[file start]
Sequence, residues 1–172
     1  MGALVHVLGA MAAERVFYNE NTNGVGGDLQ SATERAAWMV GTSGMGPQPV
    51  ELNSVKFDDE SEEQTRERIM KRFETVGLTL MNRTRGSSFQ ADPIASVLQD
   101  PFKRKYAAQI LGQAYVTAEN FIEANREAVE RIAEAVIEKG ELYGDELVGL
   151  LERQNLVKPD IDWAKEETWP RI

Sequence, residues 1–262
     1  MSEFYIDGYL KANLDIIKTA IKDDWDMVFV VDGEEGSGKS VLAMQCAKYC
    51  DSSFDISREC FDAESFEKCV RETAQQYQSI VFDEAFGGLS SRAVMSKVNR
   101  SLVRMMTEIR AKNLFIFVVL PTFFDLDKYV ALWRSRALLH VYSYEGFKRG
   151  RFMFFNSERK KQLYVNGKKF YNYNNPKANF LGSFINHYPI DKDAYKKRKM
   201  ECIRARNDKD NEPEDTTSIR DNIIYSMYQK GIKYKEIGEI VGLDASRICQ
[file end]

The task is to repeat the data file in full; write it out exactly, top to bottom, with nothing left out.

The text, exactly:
Sequence, residues 1–172
     1  MGALVHVLGA MAAERVFYNE NTNGVGGDLQ SATERAAWMV GTSGMGPQPV
    51  ELNSVKFDDE SEEQTRERIM KRFETVGLTL MNRTRGSSFQ ADPIASVLQD
   101  PFKRKYAAQI LGQAYVTAEN FIEANREAVE RIAEAVIEKG ELYGDELVGL
   151  LERQNLVKPD IDWAKEETWP RI

Sequence, residues 1–262
     1  MSEFYIDGYL KANLDIIKTA IKDDWDMVFV VDGEEGSGKS VLAMQCAKYC
    51  DSSFDISREC FDAESFEKCV RETAQQYQSI VFDEAFGGLS SRAVMSKVNR
   101  SLVRMMTEIR AKNLFIFVVL PTFFDLDKYV ALWRSRALLH VYSYEGFKRG
   151  RFMFFNSERK KQLYVNGKKF YNYNNPKANF LGSFINHYPI DKDAYKKRKM
   201  ECIRARNDKD NEPEDTTSIR DNIIYSMYQK GIKYKEIGEI VGLDASRICQ